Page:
June 25, 2001
Budget distribution makes online debut
Linda Erhard is a business analyst for ITD
As part of Emorys overall budgeting process, approved dollars for
the upcoming fiscal year are dispersed to individual divisions and departments,
which decide how the money will be applied across approved spending categories,
known as subcodes.
For the past eight years, budget distribution information was disseminated
and collected on more than 150 individual, department-specific diskettes.
Each department had to load the program, key against it, save the data
and return the diskette to the Budget Office. The Budget Office would
then balance, consolidate and prepare it for upload to FAS, Emorys
main accounting system.
With the 200102 budget, however, that cumbersome and time-consuming process will end.
Working with the Information Technology Division (ITD), the Budget Office
has developed a web-based budget distribution system to take its place.
"We had been looking for something to replace the diskette system
for over a year," said Sabra Avery, senior budget analyst for the
Budget Office. "We considered a prepackaged system, but Emorys
structure and finances are so complex, nothing would have been an easy
or economical fit. After looking at other business applications using
the web, we thought we should be able to do something too."
"This application will serve as a single point through which budget
distributions may be accessed by individual departments, keyed against,
balanced, stored, retrieved by the Budget Office and prepared for final
upload," said Linda Erhard of ITD Administrative Services. She managed
the development and implementation of the budget system.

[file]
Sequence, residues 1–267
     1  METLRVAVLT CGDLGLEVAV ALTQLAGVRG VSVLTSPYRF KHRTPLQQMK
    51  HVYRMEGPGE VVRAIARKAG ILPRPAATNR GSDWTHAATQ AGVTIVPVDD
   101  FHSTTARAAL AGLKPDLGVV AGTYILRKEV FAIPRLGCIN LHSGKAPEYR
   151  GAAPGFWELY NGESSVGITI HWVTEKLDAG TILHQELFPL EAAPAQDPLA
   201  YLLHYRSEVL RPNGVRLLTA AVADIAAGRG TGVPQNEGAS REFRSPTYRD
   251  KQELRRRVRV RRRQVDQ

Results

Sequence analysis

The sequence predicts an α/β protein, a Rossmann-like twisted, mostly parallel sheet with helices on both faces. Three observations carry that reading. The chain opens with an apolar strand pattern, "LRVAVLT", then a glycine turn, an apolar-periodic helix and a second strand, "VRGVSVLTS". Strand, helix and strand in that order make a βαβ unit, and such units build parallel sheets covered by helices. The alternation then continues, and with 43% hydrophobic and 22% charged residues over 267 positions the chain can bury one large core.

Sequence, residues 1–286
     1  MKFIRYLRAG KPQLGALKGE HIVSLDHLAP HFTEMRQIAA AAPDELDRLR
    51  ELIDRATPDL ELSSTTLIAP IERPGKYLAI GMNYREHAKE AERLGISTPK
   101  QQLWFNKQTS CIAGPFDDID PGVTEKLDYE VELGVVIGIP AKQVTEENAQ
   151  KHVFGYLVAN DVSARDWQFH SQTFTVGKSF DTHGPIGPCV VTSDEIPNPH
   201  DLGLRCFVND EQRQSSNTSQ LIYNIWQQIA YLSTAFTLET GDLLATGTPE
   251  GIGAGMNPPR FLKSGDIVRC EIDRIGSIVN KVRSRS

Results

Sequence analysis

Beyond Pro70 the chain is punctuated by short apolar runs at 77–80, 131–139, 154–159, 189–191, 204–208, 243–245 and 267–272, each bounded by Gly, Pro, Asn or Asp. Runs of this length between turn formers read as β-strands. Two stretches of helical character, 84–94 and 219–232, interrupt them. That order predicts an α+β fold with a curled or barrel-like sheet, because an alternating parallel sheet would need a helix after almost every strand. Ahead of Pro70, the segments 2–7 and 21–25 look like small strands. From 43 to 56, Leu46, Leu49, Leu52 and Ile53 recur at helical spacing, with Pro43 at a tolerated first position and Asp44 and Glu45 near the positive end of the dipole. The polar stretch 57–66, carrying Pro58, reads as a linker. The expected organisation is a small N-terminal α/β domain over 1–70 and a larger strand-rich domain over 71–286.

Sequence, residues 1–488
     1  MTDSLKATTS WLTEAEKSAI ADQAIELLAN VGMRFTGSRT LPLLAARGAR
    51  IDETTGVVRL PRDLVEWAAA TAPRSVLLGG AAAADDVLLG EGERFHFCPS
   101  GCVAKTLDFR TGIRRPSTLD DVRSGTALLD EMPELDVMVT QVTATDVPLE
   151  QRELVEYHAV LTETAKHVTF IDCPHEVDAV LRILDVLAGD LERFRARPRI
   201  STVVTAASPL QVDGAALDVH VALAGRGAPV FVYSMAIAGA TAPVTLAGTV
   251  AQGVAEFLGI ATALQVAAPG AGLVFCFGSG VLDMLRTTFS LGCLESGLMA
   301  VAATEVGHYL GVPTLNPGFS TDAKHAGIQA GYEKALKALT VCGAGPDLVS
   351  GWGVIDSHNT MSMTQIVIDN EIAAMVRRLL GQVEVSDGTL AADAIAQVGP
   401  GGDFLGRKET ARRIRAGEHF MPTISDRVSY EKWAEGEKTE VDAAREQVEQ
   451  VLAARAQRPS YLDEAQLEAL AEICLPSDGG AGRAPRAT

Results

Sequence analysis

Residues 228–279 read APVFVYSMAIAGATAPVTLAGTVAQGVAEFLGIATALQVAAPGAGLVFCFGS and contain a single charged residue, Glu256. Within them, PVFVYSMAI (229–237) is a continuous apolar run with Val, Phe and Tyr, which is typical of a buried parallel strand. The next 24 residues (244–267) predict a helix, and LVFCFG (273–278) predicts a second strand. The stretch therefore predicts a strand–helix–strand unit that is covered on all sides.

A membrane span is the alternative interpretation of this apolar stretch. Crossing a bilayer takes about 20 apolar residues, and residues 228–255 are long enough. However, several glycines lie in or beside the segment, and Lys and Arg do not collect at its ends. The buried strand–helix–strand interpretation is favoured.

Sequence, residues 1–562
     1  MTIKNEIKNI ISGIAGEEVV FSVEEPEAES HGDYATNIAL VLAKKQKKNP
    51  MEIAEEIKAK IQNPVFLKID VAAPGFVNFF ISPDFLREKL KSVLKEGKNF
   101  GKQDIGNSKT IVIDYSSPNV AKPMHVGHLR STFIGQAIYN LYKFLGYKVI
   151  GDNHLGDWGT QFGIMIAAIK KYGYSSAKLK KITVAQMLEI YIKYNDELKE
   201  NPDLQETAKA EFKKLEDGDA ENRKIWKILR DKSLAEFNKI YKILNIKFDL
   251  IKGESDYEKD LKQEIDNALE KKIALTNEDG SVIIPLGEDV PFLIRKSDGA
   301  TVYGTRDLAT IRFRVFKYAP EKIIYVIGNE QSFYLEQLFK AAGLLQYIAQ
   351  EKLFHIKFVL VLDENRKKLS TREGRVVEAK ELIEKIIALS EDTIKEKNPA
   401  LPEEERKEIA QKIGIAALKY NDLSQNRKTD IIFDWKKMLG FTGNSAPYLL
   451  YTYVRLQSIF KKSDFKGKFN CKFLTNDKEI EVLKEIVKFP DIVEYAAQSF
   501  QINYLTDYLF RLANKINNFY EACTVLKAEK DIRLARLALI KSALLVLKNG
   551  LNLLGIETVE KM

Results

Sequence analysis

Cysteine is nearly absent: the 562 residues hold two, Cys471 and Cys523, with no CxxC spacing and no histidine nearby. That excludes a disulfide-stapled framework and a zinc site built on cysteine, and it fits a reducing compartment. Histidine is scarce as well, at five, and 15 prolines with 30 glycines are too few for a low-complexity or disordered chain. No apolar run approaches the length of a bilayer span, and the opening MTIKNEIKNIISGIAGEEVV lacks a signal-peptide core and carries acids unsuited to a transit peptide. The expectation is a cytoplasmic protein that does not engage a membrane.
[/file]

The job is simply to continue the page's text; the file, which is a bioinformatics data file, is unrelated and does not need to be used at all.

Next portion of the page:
"We essentially translated the budget distribution process from
one that was based entirely on physical media, to one that is centrally
available and entirely electronic. In this case, the web serves well as
a tool that both conveys and stores information," Erhard said.
The system was written in Cold Fusion, a development tool designed to
interface between databases and the web. The application enables staff
members responsible for their departments or divisions budget
distribution to access the system from any computer using a web browser.
An Oracle database stores keyed budget information; however, critical
data such as FAS account numbers and past-year budget details are fed
regularly from FAS. The connection between a mainframe system and the
new budget distribution system represents a milestone in bridging legacy
technologies and newer, web-based systems.
Ease of use, according to Erhard, was one of the primary requirements.
"Our goal was not to design a system that was technically elegant.
Our goal was to develop a system that would serve the University in a
technically efficient manner," she said.
Dan Walls, dean of admission, already has tried out the new system. "I'm
in my 18th year at Emory, so I have experienced a wide range of budget
approaches going back to writing budget entries on a spreadsheet, to using
a computer disk, to the web-based system this year," Walls said.
"There is no comparison. The new web system is clear, intuitive,
quick and easy. I attended training with several other managers who have
been at Emory over time. We were all pleasantly surprised when, after
about 10 minutes of training, we were ready to go with the new system."
The system is geared toward individual access, allowing users with approved
IDs and passwords to access only those accounts under their authority.
Three reports, the "Budget Detail" for single and multiple accounts,
the "Division Summary Report," and the "Net Total University
by Account," also are available through the system. Each report is
dynamically generated according to keyed budget distribution information
and may be viewed on the web or printed to a local printer.
"Although we felt a homegrown system would better suit our needs, we were somewhat apprehensive that it would not be tried and true," Avery said. "Thanks to ITD Administrative Services, we rapidly overcame our initial concernsand were very pleased with the outcome."